Spring is supposed to be a time of optimism for college football fans. Every game is winnable. Every player is a potential star.
But it's hard to get fired up about the offseason news coming from Georgia's football rivals, which spent the week in a tit-for-tat of embarrassing revelations.
-On Wednesday, the Georgia Bulldogs declared nine players ineligible for selling their Southeastern Conference championship rings.
-On Thursday, the Georgia Tech Yellow Jackets lost 10 players for the upcoming season because of poor grades, including leading rusher Tony Hollings.
-On Friday, Georgia offensive coordinator Neil Callaway apologized for getting stopped on DUI charges, which led to him spending a night in jail and losing a month's salary.
Geez, when does basketball season start?
"It is unfortunate that the actions of a relative few can make the headlines and reflect so badly on a quality program," Bulldogs athletic director Vince Dooley said.
Just one day after Georgia held a news conference to address "Ring-gate," the school acknowledged that Callaway was arrested in April for drunken driving and spent 24 hours in jail last weekend.
"I deeply regret this happened," Callaway said. "This is the first time, and certainly the last."
Head coach Mark Richt didn't have much time to savor Georgia's first SEC title in 20 years. Instead, he's spent the offseason dealing with all sorts of transgressions.
Last month, five players were suspended for the first two games of the season after being found with marijuana in a campus dormitory. This week, while much of the attention was focused on those who sold their rings, Richt also announced that four other players were suspended for violating team rules.
"It's disappointing," Richt said. "But one thing that does mean a lot to most of these guys is the ability to play the game. Sometimes, that's the way to send a message to that player and his teammates that certain things are not going to be put up with."
But Georgia's players aren't the only ones running afoul of the rules. Callaway was reprimanded by his boss and ordered to forfeit a month's salary - more than $11,000 - for the DUI conviction.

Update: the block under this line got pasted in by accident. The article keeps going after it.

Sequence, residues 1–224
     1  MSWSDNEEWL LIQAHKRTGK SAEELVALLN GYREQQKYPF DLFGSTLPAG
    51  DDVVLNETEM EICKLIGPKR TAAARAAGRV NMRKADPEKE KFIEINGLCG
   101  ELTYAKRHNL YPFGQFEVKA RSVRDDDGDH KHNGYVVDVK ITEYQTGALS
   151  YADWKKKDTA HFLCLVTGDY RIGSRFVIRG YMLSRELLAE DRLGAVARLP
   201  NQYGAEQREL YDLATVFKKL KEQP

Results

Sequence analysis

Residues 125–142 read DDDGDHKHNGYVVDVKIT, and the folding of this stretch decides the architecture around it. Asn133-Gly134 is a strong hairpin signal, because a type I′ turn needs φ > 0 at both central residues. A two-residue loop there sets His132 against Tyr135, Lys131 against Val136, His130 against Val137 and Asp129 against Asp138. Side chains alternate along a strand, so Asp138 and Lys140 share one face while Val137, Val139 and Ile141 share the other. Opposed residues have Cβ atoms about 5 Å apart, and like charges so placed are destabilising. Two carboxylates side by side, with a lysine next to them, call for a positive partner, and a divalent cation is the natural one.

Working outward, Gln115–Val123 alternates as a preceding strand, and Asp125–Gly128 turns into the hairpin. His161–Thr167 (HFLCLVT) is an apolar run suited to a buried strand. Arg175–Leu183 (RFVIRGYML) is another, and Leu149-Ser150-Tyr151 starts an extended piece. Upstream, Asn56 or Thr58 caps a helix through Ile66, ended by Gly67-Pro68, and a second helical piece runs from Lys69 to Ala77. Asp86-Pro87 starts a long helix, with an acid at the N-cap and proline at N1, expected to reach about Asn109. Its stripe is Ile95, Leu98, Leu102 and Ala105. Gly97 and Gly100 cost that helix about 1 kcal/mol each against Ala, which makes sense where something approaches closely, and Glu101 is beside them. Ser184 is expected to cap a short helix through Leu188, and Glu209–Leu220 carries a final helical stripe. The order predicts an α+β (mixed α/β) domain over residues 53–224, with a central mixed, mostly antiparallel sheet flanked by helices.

Over at Georgia Tech, they didn't have much time to gloat over Georgia's misfortune.
Running back Tony Hollings and defensive end Tony Hargrove were among 10 players who didn't fulfill their academic requirements, meaning they won't be able to play next season.
"This is a very unfortunate situation for these young people and for Georgia Tech, but it is an aberration," athletic director Dave Braine said.
Still, it doesn't bode well for Chan Gailey's second season as coach. Already, Braine felt compelled to send a vote-of-confidence letter to the Tech faithful, defending Gailey and the direction of the program after a 7-6 season that included a 51-7 loss to Georgia.
Now, the Yellow Jackets will have to make do with less.
Hollings was leading the nation with 633 yards rushing when he went down in the fourth game with a season-ending knee injury. He still led the team and hoped to make it back for fall practice, but grades - not the knee - ended those hopes.
He'll be joined on the sideline by starting defensive end Tony Hargrove, who had 49 tackles and four sacks last season. Another starter also was declared ineligible, but the school didn't release his name because of privacy issues.
"We will move forward," Gailey vowed. "We're excited about the players we'll have on the field this season."
The troubles at Georgia raised questions about Richt's leadership. While the coach has a stellar reputation, his team is tarnished by the actions of those around him.
University president Michael Adams issued a stern warning to the athletic program, saying his patience "is exhausted over this continuing improper behavior by athletes." Then again, that statement may have been a salvo in his running feud with Dooley, who has sparred with the president for control.
Dooley sided with Richt, one of the most popular people in the state after leading the Bulldogs to a school-record 13 wins, a No. 3 national ranking and their first SEC championship since 1982.
"I have confidence in coach Richt," Dooley said. "Part of leadership is integrity. He has that. Whatever bumps in the road - and this is a big bump - he'll do the right thing. I'm confident it will all work out."
The nine players who sold their rings violated NCAA rules on amateurism, but their eligibility will likely be restored in time for the season. Richt vowed to impose his own punishment, which could include more suspensions.
One of the affected players, star receiver Fred Gibson, doesn't understand all the fuss.
"I could see if I took money from a booster," he said. "I try to stay out of trouble. I guess trouble just found me."
He's got plenty of company in this state.